Understanding vacuum fluctuations in space
An international research team from Germany and France has created structures in which light fields interact with electrons so strongly that the quantum vacuum itself is significantly altered. Using extremely short bursts of light, they interrupted this coupling much faster than the timescale of a vacuum fluctuation and observed an intriguing ringing of the emitted electromagnetic field, indicating the collapse of the vacuum state. Their key achievement could improve our understanding of the nature of nothingness—the vacuum of space itself, paving a way toward photonics exploiting vacuum fluctuations. The results are published in the current issue of Nature Photonics.
One of the key insights of quantum mechanics is that absolute nothingness, a concept already discussed by Greek philosophers, is nowhere to be found in reality. Quite to the contrary, quantum field theory has shown that seemingly empty space is filled by fluctuations of light and matter fields, leading to a continuous popping into existence and disappearance of photons as well as massive particles. In the founding days of quantum mechanics, these consequences of Heisenberg's uncertainty principle were often not taken too seriously. However, modern physics is increasingly discovering how our universe is shaped by fluctuations of physical fields, which not only lead to tiny shifts of spectral lines of atoms, but moreover may cause the evaporation of black holes, and are ultimately responsible for the large-scale structure of our universe, formed during the inflationary period following the big bang. Yet controlling these fluctuations on a laboratory scale with the relevant temporal precision has remained extremely challenging to this date.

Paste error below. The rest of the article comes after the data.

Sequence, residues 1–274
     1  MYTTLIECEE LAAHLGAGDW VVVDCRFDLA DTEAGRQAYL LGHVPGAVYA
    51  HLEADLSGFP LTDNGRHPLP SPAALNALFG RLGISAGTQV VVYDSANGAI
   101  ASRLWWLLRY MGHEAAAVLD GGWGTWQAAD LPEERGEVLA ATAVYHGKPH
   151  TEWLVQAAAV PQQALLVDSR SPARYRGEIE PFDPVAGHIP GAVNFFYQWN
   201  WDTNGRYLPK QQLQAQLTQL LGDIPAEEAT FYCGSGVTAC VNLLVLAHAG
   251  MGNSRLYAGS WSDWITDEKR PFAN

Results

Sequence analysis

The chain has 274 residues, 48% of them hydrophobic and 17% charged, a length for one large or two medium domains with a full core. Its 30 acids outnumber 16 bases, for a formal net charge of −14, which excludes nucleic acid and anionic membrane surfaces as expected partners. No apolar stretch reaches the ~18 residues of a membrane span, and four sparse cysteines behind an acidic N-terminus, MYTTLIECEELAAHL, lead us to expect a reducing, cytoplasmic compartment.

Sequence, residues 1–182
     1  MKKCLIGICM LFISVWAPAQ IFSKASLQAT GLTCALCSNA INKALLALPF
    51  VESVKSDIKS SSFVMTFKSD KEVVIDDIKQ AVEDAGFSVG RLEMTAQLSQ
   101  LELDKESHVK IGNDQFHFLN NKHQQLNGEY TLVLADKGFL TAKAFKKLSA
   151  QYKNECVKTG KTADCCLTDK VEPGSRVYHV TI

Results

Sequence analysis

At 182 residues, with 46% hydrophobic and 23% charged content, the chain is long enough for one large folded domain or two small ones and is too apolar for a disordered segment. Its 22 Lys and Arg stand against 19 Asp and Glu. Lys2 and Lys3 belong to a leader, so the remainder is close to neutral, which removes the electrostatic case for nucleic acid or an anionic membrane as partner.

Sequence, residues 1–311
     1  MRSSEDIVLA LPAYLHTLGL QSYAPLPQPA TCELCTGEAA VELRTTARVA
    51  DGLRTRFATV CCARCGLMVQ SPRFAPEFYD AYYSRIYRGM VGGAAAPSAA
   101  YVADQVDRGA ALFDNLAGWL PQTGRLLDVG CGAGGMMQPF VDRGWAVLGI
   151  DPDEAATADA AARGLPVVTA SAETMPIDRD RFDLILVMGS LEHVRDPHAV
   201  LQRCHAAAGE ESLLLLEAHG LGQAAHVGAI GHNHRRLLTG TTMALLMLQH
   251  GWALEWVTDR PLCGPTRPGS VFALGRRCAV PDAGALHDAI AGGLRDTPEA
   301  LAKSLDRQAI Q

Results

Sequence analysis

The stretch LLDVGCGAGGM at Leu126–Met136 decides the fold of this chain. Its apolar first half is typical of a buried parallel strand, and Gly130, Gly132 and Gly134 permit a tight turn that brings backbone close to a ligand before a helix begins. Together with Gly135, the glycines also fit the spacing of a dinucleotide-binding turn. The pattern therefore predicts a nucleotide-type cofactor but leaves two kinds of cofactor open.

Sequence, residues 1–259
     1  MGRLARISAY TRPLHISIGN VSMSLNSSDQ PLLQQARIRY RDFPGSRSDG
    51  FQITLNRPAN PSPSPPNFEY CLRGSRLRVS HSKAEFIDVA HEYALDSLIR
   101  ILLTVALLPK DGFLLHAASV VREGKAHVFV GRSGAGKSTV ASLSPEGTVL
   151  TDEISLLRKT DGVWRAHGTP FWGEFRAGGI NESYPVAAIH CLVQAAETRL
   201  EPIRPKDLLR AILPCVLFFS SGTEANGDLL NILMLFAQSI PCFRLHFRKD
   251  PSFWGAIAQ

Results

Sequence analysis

Researchers around Prof. Dr. Christoph Lange, Prof. Dr. Dominique Bougeard, and Prof. Dr. Rupert Huber (Department of Physics, University of Regensburg) as well as Prof. Dr. Cristiano Ciuti (Université de Paris) have now made a large leap toward controlling strongly enhanced vacuum fluctuations much faster than typical timescales of virtual photons. To this end, they created a specialized semiconductor structure in which electrons are extremely strongly coupled to the light fields of tiny antennas designed for the so-called terahertz spectral range.
As a result, vacuum fluctuations of light and matter fields participate in the interaction, strongly increasing the presence of virtual photons—even in complete darkness. "The key step forward was then to implement functionality to switch off this coupling extremely rapidly," Ph.D. student Maike Halbhuber explains.
"We were pleased as the first data showed that the switch-off worked perfectly. But we were thrilled when advanced experiments showed an intriguing, unexpected oscillation of the light field during switching," Ph.D. student Joshua Mornhinweg adds. Analyzing this ringing of the collapsing quantum vacuum by a custom-cut theory, the researchers showed that the switching occurs within just a tenth of a trillionth of a second—more than ten times faster than an oscillation cycle of a virtual photon.
The key achievements of custom quantum vacuum states with record populations of virtual photons, and subcycle control of feeble zero-point fluctuations offer an unprecedented level of flexibility for future investigations. As an immediate next step, the team will search for direct evidence of virtual photons emerging during switching of designed quantum vacua. Yet, the scope of this research idea is very likely to expand much further.
"Implementing subcycle control of vacuum fields for existing concepts such as cavity quantum chemistry, cavity-controlled transport, or vacuum-modified superconductivity may unravel qualitatively new information on the interplay of vacuum fields and matter," Prof. Lange says. Future experiments may not only address the nature of vacuum fluctuations, but moreover offer the possibility to control chemical reactions or superconducting currents, merely by switching the vacuum field on the shortest relevant time scales.